Taşkın was also threatened after her initial release from custody. “The prosecutor told her ‘How can you be freed? You will see, we will file an objection’ in front of her lawyer as a witness,” Kaleli told the court.
The lawyer also said the evidence against her client was restricted to retweets and Facebook shares – mostly of news articles. There is not even a single article written by Taşkın in the case file, she said. “You may not like the agency where my client works. But this agency is still operating legally, and this is about freedom of expression and press freedom.”[/vc_column_text][vc_row_inner][vc_column_inner][vc_single_image image=”100383″ img_size=”full” add_caption=”yes” alignment=”center”][/vc_column_inner][/vc_row_inner][vc_row_inner][vc_column_inner][vc_column_text]Touring villages with her camera
Included in the indictment as evidence was a “package” that a colleague sought to give Taşkın. There was a certain air of mystery to the private Instagram conversation between Taşkın and her colleague, Diyarbakır-based journalist and photographer Refik Tekin, but the item in question was only a fleece – and police could have ascertained the innocence of the matter had they clicked on the embedded link in the conversation.
Tekin told MMF that the pair had merely discussed the logistics of Taşkın receiving the fleece in Muş. He eventually sent the item of clothing to the prison in Ankara after she was jailed, but Taşkın was still unable to obtain it: The fleece is dark blue – a color that is banned in prison because it matches the uniforms of guards.
Tekin said Taşkın loves photography. She would tour villages around Lake Van in search of news and human stories. “She is a very friendly person. People in villages are usually somewhat shy, but they would immediately open up to Seda,” Tekin said. “She took photos of children in villages, women working in fields… Those were beautiful, very touching. They would tell a story. She would be on the top of the world when her photos appeared in [the now-closed newspaper] Özgürlükçü Demokrasi,” he said.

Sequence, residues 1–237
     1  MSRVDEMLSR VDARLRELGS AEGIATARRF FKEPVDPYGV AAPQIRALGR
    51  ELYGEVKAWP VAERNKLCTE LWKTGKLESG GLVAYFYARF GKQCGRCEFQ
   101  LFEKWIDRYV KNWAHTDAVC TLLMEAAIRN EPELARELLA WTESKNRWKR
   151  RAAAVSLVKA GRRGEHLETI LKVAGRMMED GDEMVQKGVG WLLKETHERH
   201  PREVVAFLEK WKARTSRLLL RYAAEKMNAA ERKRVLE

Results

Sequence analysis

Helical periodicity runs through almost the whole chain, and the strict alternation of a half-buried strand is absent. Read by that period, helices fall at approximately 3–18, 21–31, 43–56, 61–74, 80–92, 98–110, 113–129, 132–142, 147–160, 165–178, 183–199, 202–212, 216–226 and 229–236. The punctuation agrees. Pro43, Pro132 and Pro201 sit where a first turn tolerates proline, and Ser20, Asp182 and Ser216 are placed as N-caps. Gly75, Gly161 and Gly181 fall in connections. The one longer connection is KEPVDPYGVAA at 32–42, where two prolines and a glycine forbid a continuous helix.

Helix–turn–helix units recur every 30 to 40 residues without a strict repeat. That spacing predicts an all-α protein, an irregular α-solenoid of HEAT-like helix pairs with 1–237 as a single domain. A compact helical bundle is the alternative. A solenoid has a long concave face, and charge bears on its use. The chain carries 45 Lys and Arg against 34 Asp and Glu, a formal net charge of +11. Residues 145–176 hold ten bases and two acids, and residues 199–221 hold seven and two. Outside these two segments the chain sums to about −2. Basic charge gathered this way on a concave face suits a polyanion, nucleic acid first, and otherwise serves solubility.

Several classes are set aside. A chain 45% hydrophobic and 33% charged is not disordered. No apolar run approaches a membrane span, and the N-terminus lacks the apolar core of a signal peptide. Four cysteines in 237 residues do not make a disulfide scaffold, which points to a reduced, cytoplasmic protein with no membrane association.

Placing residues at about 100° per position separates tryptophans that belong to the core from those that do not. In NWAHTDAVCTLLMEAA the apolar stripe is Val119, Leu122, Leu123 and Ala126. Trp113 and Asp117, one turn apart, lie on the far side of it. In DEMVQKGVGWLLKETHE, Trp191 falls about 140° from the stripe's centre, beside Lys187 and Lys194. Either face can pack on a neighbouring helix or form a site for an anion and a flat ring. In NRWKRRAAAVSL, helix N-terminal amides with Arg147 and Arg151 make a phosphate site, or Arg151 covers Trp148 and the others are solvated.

Her close friend Nimet Ölmez, also a Van-based reporter for Mezopotamya, said Taşkın’s picture of two children returning from school with their dirty clothes and large baskets instead of backpacks helped raise awareness about the precarious situation of children living in the impoverished villages of the region. “They were shared on social media for days. So many people called and asked us how they could help.”
But she admits that Taşkın’s love for photography was perhaps a bit on the excessive side. “She would take so many photos that all our memory sticks would fill up. She once went to a village to report on some shepherd. He had around 200 sheep, but Seda still managed to come back with 230 photos – more than one photo per sheep,” she joked. “I really miss fighting for photos, memory sticks and news with her.”
On 30 April, the court ruled against Taşkın’s release on the grounds that she doesn’t use the name on her ID card, Seher, in daily life, even though everyone, including her close family, calls her Seda.
The next hearing will be held on 2 July in Muş – a town that appears in a popular song with the lyrics “the road to Muş is uphill.” Rather than just Muş, it seems the song’s writers were talking about the road to justice in Turkey today.[/vc_column_text][/vc_column_inner][/vc_row_inner][vc_row_inner][vc_column_inner width=”1/4″][vc_icon icon_fontawesome=”fa fa-file-excel-o” color=”black” background_style=”rounded” size=”xl” align=”right”][/vc_column_inner][vc_column_inner width=”3/4″][vc_column_text]
[/vc_column_text][/vc_column_inner][/vc_row_inner][/vc_column][/vc_row][vc_row][vc_column][vc_column_text]Media freedom violations reported to MMF since 24 May 2014